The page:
On Craigslist, another pair of tickets to the same game were advertised for sale for $1,000.
Given the magnitude of the game and the enormous demand for tickets, it’s easy to see the value in being able to attend last night’s game. But, if you’re not a student … and you don’t have season tickets … and you don’t have a few hundred dollars lying around … how could you get into the Comcast Center for the game?
A clever 1L at the University of Baltimore School of Law came up with an ingenious idea – barter! According to the Baltimore Sun and ESPN’s Erin Andrews, the student offered a to-be-determined number of hours of legal services (contingent upon his passing the Maryland Bar Exam, of course) in exchange for a ticket to last night’s game.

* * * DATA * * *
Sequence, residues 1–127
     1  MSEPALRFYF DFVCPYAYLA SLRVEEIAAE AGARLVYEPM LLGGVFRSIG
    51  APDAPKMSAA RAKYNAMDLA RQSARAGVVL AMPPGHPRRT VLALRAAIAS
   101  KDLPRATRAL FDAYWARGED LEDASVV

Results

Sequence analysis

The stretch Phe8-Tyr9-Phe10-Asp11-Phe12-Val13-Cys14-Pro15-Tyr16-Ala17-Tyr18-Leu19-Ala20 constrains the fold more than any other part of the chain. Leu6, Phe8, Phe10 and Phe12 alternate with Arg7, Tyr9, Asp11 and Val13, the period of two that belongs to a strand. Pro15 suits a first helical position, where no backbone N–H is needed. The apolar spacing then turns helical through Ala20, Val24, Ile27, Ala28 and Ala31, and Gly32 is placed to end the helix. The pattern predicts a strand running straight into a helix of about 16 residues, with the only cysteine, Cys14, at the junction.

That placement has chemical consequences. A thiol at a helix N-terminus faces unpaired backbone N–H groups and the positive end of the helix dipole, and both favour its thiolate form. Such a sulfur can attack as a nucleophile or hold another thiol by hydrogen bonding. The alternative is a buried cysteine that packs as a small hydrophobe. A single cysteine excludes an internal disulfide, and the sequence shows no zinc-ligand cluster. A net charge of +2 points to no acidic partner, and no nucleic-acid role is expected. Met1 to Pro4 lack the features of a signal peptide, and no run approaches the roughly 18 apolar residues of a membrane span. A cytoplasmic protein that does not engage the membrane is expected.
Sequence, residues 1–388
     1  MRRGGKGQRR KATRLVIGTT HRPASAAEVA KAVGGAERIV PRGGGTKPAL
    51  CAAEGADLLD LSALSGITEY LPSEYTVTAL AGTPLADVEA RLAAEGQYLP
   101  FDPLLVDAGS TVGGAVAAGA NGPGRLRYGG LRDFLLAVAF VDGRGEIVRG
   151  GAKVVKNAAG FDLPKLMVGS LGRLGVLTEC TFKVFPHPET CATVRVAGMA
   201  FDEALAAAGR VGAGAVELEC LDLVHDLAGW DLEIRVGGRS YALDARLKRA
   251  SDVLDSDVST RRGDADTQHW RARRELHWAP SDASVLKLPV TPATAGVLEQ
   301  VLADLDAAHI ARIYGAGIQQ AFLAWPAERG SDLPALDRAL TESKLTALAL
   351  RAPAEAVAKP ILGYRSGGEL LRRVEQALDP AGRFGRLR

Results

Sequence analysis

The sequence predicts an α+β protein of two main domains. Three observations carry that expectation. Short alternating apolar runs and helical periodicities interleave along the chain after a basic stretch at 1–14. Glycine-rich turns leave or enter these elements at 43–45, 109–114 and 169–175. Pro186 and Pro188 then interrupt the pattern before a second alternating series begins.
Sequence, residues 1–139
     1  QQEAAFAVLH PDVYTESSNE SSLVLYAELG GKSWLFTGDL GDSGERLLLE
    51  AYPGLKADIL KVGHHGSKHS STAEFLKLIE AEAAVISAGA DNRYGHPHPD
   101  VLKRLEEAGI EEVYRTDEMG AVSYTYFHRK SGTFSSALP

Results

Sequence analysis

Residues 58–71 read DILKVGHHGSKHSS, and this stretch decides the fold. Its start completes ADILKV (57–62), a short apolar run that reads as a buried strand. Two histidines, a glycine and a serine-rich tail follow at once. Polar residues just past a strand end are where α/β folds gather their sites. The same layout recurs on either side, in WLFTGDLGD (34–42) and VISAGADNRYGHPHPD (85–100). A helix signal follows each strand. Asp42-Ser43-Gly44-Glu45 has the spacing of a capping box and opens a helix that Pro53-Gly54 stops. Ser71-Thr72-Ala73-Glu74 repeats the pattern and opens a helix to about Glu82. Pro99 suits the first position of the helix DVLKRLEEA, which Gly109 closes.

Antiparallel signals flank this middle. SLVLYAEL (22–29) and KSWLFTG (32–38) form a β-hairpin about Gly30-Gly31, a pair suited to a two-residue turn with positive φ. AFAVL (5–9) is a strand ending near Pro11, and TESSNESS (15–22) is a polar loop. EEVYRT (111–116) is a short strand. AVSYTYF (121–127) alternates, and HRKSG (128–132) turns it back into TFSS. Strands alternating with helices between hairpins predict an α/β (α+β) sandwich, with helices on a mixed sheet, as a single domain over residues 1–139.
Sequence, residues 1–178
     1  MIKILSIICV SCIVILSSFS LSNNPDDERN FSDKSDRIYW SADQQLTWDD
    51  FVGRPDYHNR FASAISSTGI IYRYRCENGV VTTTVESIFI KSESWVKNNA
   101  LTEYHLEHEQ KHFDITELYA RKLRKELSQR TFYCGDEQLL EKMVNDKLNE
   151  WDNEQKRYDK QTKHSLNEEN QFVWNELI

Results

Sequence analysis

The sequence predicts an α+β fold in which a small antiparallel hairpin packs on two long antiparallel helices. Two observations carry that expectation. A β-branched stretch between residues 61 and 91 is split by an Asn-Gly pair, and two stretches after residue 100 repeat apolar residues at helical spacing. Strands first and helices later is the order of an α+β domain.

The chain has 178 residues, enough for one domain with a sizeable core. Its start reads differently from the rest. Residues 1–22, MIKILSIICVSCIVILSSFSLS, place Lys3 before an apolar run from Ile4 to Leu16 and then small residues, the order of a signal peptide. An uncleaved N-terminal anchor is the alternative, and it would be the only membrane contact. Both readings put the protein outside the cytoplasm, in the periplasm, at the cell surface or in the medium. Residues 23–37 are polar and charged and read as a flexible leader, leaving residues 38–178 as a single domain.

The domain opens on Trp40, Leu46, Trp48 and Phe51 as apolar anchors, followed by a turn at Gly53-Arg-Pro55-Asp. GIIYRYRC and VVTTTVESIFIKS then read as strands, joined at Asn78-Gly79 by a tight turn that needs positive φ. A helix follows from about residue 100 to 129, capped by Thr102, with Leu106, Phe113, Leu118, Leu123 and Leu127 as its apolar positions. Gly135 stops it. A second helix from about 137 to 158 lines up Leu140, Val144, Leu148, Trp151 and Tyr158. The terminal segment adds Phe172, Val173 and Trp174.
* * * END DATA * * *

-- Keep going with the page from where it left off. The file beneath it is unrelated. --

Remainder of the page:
In a profession founded on precedent and form books, it’s refreshing to see a young, prospective attorney thinking outside of the box in an effort to achieve a goal. It’s creativity like this that keeps our profession fresh. When traditional methods fail, clients are always looking for alternative ways to get results. This kind of “thinking” could prove to be quite successful in the future, and may be a distinguishing trait for this individual to potential employers.
In the end, this particular student’s originality paid off – in exchange for $50 and a promise to perform a few hours of work at a future University of Maryland athletic event, he got his ticket … and a deal he’ll probably discuss for years to come.